Imagine if two-thirds of Americans thought a CEO had committed a crime. Would the boss hang on to his or her job indefinitely, impervious to public opinion or criminal prosecution?
Almost certainly not. In the past year, the leaders of Boeing, WeWork, Juul, Gap, Nike, Expedia and McDonald’s quit under pressure or got fired, for reasons that fell far short of criminal behavior. CEOs serve at the pleasure of the board of directors, which they sometimes control with an iron thumb. But when there’s a management flub or personal scandal, boards can be ruthless and ditch the boss to save the company.
There’s no such standard for the president of the United States, as we are learning through President Trump’s impeachment trial. A new poll by Pew Research shows that 63% of Americans think Trump did something illegal to warrant impeachment, while 70% think he did something unethical. Yet everybody knows the Republican-controlled Senate is on its way to acquitting Trump so he can serve out the remainder of his first term, and ask voters to send him back to Washington for another one.
Then there’s the absurd Justice Department policy that says prosecutors cannot indict or prosecute a sitting president for crimes. Trump has skated on that one too, since there’s evidence he committed up to 8 crimes for campaign-finance violations, alone—including crimes his former lawyer, Michael Cohen, is in jail for. If Cohen was only the messenger in those instances—and it was Trump who literally signed the check—why is the lackey locked up while the ringmaster runs the country?
CEOs get away with a lot, and rarely do time even when there is evidence of crime. Virtually no bank CEOs faced criminal charges stemming from the financial meltdown in 2008, even when evidence showed their institutions committed fraud or other crimes. Dennis Muilenberg, who recently resigned as CEO of Boeing, is walking away with at least $60 million even though he presided over the certification of a jet, the 737 Max, with deficiencies that caused two crashes and killed 346 people.
Yet CEOs of public companies at least have to satisfy shareholders, who can be prickly and unforgiving when something goes wrong that affects the bottom line. At private companies, demigod founders go out with the trash if they screw up the company’s valuation and the potential return to venture capitalists. That’s why WeWork co-founder Adam Neumann left in 2019, and Uber’s Travis Kalanick split in 2017. If there’s one exception, it’s family-run companies that don’t have public shareholders or investors, such as… the Trump Organization.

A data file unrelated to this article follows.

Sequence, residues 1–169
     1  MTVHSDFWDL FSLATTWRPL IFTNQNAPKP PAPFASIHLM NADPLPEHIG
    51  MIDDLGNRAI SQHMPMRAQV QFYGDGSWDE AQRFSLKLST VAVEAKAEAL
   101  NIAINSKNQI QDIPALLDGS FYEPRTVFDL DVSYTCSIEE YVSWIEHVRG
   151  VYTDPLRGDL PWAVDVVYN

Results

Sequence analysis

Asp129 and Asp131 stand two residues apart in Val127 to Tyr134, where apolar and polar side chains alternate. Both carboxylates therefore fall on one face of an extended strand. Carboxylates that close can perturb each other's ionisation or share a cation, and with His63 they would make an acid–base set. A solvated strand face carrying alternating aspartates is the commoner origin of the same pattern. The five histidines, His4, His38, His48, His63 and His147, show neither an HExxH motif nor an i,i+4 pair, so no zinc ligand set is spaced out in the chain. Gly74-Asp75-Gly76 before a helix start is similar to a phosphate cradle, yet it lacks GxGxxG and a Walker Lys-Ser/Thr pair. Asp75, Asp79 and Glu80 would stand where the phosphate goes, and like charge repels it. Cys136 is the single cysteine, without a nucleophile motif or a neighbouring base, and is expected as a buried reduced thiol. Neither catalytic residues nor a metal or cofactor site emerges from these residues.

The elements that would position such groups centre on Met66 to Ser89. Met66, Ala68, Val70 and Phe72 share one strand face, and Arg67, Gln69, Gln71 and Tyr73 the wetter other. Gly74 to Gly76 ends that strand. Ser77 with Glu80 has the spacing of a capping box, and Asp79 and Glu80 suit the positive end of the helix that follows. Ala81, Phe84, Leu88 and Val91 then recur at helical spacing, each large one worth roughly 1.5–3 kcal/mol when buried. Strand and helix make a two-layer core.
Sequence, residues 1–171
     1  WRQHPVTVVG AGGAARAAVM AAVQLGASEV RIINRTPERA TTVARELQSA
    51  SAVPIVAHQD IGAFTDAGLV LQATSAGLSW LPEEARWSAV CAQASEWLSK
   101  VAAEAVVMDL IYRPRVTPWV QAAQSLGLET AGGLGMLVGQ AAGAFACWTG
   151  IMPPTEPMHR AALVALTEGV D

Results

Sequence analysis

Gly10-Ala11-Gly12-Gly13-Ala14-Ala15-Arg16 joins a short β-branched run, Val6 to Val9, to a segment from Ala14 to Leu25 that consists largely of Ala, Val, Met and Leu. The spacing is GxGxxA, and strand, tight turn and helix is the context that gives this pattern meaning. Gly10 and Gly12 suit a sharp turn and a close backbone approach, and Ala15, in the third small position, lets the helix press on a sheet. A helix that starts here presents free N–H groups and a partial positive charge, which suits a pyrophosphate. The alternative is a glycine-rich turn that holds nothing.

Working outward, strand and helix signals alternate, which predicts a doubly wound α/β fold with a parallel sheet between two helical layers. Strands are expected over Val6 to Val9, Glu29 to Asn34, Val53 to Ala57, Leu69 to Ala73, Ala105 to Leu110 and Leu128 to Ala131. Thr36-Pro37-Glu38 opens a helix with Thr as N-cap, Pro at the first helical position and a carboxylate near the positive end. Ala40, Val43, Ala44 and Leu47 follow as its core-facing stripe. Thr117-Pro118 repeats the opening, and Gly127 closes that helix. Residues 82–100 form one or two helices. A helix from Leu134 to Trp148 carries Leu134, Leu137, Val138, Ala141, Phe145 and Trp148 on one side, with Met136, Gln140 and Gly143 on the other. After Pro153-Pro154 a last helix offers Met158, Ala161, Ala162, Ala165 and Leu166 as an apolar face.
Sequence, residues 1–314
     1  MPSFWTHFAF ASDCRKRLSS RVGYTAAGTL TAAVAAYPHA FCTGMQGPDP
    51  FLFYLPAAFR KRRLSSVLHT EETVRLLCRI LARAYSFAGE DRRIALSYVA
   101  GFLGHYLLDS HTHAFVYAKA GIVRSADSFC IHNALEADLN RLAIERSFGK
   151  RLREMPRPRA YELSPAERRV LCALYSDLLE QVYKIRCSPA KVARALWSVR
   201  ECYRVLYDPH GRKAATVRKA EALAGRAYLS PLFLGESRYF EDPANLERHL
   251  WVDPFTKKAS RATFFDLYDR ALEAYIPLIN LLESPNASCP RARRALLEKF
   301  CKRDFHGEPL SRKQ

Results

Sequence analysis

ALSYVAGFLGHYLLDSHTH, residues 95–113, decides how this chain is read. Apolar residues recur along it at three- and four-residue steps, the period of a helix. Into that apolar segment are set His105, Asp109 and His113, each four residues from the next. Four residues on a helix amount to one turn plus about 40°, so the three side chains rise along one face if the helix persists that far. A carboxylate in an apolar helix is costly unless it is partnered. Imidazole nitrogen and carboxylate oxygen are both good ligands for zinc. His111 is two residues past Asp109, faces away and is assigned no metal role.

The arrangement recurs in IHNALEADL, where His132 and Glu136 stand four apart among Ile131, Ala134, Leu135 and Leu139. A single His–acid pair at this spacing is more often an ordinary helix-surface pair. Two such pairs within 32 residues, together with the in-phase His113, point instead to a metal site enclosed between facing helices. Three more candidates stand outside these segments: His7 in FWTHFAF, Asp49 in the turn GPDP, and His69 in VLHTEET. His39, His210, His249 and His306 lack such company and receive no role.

Genius for survival
Some companies even fire the top dog for noncriminal ethical violations these days. McDonald’s fired CEO Steve Easterbrook last year for engaging in a consensual relationship with an employee that violated company policy. How quaint, compared with Trump’s record of shaking down foreign leaders for political gain, undermining U.S. national security interests and obstructing investigators trying to figure out what he’s done.
There’s a reason, in theory, the president of the United States can get away with stuff nobody else can: subjecting him to petty criminal prosecution could impair powers the president needs to run the country, especially in an emergency. With Trump exploiting that theory to the extreme, there’s good reason to reexamine it and perhaps change it with new laws. Well-run companies always survive the loss of a leader, no matter how powerful or talented. Only cult-of-personality operations tie their success to a single person.
Trump does possesses a kind of evil genius for survival. His approval rating is weak, in the low 40s, the most consistently low rating among modern presidents. But he’s the mafia don of the Republican party, where his approval rating is around 90%. Republicans only account for about 28% of the electorate, but the two-party system gives them disproportionate power in Congress. And Trump’s dominance of the party terrifies fellow Republicans, since he can effectively excommunicate them from power. This puts a floor under Trump’s support level in Congress and guarantees he’ll survive impeachment.
Voters are the shareholders in this instance, except there’s no board of directors able to hold Trump to account in their stead. The quadrennial election is the only vote these shareholders get. It’s enough to make overpaid CEOs seem humble, by comparison.
Rick Newman is the author of four books, including “Rebounders: How Winners Pivot from Setback to Success.” Follow him on Twitter: @rickjnewman. Confidential tip line: email@example.com. Encrypted communication available. Click here to get Rick’s stories by email.